Call your shot. How do you see this game shaking out?

With the academic suspensions on Notre Dame’s side and the loss of Joe Schmidt, I’m ready for another high scoring shootout just like the game in Dallas. The Fighting Irish provide a well-balanced attack in my opinion and it seems in the Pac-12, teams are pass or run first so ND provides a unique challenge.

That game in Dallas was special for both sides, regardless of the outcome, it helped both fan bases tremendously and both teams gained great national exposure. Saturday seems a little more hostile in my opinion. The Sun Devils and their fans have a bit of a chip on their shoulder just like any team would against a group they lost to last season. Unfortunately for ASU, they tend to lose these kinds of huge games on a national stage. Taylor Kelly is a very good quarterback and will do everything he can to keep the Sun Devils in it, but in my mind I just can’t see this young defense being ready for an offense as dynamic as Notre Dame.

Notre Dame: 38 ASU: 31

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For more from Nick you can follow him on Twitter @NickPKrueger. You should also be getting updates @HouseofSparky.

Notre Dame will face South Carolina in the Gator Bowl on Dec. 30

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Notre Dame and South Carolina will meet for the first time in nearly 40 years in the TaxSlayer Gator Bowl on Dec. 30 at 3:30 ET (ABC). The Irish and Gamecocks have not played since 1984, a South Carolina win in South Bend. That was part of Notre Dame’s struggles (going 12-11 in 1984 and 1985) that led to Lou Holtz being hired; Holtz, of course, went on to coach the Gamecocks for six seasons after he left the Irish.

Though the No. 21 Irish (8-4) finished the season strongly, including competing gamely at USC a week ago in a 38-27 loss, a driving storyline over the next month will be wondering if head coach Marcus Freeman can handle this bowl game better than the second half of the Fiesta Bowl faceplant last year in his first game as Notre Dame’s leader.

No. 19 South Carolina (8-4) enjoyed an even more impressive finish to the season, knocking both Tennessee and Clemson out of the College Football Playoff in its final two games of the season. Not that gambling spreads mean anything on the football field, but to give an idea how unexpected those two wins were, realize the Gamecocks were expected to lose them by a combined 37.5 points and instead won them by a combined 26 points.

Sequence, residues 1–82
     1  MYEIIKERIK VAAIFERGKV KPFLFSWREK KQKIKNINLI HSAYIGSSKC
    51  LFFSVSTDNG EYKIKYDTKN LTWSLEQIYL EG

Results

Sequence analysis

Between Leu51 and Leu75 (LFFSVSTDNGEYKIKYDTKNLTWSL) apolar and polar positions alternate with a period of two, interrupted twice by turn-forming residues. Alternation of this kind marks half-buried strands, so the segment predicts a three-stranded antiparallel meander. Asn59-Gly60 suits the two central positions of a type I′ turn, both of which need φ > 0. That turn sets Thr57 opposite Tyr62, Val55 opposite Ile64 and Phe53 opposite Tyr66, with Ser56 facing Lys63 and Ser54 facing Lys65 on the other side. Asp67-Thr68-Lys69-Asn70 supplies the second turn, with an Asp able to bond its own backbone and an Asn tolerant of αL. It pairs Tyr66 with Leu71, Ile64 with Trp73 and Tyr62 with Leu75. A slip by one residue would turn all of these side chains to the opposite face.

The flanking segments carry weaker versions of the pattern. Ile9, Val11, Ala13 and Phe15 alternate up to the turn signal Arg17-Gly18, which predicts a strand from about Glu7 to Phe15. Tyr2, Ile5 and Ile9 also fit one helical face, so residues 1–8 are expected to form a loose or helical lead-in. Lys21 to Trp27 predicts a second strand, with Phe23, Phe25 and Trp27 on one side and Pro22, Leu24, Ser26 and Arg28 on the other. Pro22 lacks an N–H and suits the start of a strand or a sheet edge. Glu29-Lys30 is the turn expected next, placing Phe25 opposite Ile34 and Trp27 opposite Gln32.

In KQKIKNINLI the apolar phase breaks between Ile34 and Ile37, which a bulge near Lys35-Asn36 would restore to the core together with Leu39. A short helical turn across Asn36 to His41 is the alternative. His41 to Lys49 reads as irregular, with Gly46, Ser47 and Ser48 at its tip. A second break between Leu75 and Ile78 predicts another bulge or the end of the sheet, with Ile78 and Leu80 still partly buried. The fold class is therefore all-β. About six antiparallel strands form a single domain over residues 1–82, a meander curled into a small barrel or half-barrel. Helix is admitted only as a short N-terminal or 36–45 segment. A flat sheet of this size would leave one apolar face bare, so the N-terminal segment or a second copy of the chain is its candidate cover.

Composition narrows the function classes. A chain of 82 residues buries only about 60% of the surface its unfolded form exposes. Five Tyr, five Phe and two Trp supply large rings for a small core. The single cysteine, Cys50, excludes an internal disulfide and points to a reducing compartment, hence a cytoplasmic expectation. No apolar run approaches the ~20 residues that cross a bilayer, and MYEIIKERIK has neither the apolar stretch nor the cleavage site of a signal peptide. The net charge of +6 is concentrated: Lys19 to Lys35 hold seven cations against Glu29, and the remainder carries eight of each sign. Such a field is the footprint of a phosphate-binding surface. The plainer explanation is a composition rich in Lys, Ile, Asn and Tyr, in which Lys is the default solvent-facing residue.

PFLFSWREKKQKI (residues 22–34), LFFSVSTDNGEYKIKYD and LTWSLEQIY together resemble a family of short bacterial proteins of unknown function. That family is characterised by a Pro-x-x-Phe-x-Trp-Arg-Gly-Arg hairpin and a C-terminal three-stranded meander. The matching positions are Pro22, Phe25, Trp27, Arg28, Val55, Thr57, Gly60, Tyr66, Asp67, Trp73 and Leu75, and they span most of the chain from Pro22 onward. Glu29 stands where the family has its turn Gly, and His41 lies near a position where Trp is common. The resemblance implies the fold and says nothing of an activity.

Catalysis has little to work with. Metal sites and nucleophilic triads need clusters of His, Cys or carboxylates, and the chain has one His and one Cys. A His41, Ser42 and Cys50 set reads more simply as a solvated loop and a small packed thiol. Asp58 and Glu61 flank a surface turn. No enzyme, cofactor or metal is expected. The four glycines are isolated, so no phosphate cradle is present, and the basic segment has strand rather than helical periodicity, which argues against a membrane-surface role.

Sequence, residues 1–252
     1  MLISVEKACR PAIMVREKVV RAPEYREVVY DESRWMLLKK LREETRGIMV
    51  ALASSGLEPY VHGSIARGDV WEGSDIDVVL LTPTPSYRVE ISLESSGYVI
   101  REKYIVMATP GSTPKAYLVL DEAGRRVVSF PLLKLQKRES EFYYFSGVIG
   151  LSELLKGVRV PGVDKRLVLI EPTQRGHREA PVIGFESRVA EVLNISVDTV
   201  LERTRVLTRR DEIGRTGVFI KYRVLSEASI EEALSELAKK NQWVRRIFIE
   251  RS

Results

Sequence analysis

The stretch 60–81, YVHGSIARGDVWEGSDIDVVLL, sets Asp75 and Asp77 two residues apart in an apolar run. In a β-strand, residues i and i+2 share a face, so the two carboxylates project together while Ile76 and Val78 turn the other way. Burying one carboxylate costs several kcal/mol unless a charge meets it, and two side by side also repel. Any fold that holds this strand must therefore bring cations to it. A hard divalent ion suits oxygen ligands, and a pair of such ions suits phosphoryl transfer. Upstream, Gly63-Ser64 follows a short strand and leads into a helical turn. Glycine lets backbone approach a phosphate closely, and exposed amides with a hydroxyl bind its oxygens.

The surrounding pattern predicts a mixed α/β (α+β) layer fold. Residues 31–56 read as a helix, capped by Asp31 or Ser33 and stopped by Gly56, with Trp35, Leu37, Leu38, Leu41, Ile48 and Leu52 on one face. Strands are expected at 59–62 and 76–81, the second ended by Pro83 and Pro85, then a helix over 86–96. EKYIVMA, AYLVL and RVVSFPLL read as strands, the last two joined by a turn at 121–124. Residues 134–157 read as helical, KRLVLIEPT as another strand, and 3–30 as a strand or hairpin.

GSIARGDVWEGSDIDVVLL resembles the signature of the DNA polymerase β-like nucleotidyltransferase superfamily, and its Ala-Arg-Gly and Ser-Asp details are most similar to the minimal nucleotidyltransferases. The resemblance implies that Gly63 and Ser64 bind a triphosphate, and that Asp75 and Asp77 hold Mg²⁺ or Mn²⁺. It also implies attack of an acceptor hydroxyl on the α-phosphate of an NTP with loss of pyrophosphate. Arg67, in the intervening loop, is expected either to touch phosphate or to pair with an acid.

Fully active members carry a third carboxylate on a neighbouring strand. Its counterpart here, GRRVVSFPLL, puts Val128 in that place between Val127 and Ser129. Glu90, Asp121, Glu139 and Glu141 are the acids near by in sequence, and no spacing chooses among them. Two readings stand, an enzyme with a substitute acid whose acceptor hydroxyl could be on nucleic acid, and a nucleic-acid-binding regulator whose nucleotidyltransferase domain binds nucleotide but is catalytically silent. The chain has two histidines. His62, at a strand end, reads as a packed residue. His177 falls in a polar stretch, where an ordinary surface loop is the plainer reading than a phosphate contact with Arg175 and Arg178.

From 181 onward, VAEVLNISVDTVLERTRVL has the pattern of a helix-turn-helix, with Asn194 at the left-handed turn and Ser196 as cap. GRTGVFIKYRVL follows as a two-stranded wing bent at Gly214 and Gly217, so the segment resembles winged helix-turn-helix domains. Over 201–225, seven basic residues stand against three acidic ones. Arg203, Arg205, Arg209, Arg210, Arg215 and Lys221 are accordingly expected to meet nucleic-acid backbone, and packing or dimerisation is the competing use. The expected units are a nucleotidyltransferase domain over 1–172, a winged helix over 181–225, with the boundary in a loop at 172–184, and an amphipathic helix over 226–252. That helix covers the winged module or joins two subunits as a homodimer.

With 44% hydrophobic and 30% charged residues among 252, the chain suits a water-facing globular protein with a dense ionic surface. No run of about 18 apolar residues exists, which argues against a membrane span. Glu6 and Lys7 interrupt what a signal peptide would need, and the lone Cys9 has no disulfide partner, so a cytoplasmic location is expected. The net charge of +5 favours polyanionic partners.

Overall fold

There may be some rough parallels between South Carolina head coach Shane Beamer and Freeman, though Beamer is a year ahead in his head-coaching career.

Beamer was an unexpected hire in Columbia in 2021, never having been a head coach before and most recently the associate head coach and tight ends coach at Oklahoma for three seasons. The Gamecocks went 7-6 in his first year, his head-coaching inexperience perhaps rearing its head as they lost their first three games against Power-Five competition and four of their first five, the exception coming against worse-off Vanderbilt.

Thus, the surge to end the 2022 season stands out, particularly since it again took until October to notch a win against a Power-Five opponent, losing to both Arkansas and, more understandably, Georgia in September.

South Carolina found its most success this season through the air, led by former Oklahoma quarterback Spencer Rattler. He averaged 230.5 yards per game and 7.9 yards per attempt while completing 66.6 percent of his passes. The Gamecocks managed just 123.3 rushing yards per game and 3.8 yards per attempt.

Their rushing defense is one of the worst in the country, which could play right into the Irish offensive strength. Opponents gained 0.194 expected points per rush attempt against South Carolina, the No. 123 ranking in the country, per cfb-graphs.com.

Notre Dame fell to Ohio State, 21-10, to open Freeman’s genuine tenure, a worthwhile loss though one quickly diminished when the Irish fell to Marshall just a week later. Of course, the Buckeyes’ relied on that season-opening win to successfully burgeon their Playoff résumé today.

The Irish already know they will be without both senior cornerback Cam Hart and junior quarterback Drew Pyne in the bowl game. Hart announced last week he will return for a fifth season at Notre Dame, but a shoulder injury will sideline him this month, while Pyne announced Friday he intends to enter the transfer portal, presumably when it officially opens tomorrow.

Star tight end Michael Mayer will almost certainly opt out of the bowl game, his top-20 draft stock assured, and senior defensive end Isaiah Foskey could logically, as well.

Notre Dame nearly ended up in the Holiday Bowl in San Diego on Dec. 28, per reports. The ACC could place the Irish in any of three bowls, the top tier of ACC-affiliated bowls below the Orange Bowl, with some input from the bowls and from the University. That give-and-take seemingly delayed the announcement for a stretch of Sunday.

Drew Pyne to transfer from Notre Dame; Tyler Buchner reportedly a bowl possibility

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Notre Dame may start its third quarterback of the season in its bowl game after junior Drew Pyne announced he will transfer from the program on Friday. A graduate, Pyne has three seasons of eligibility remaining.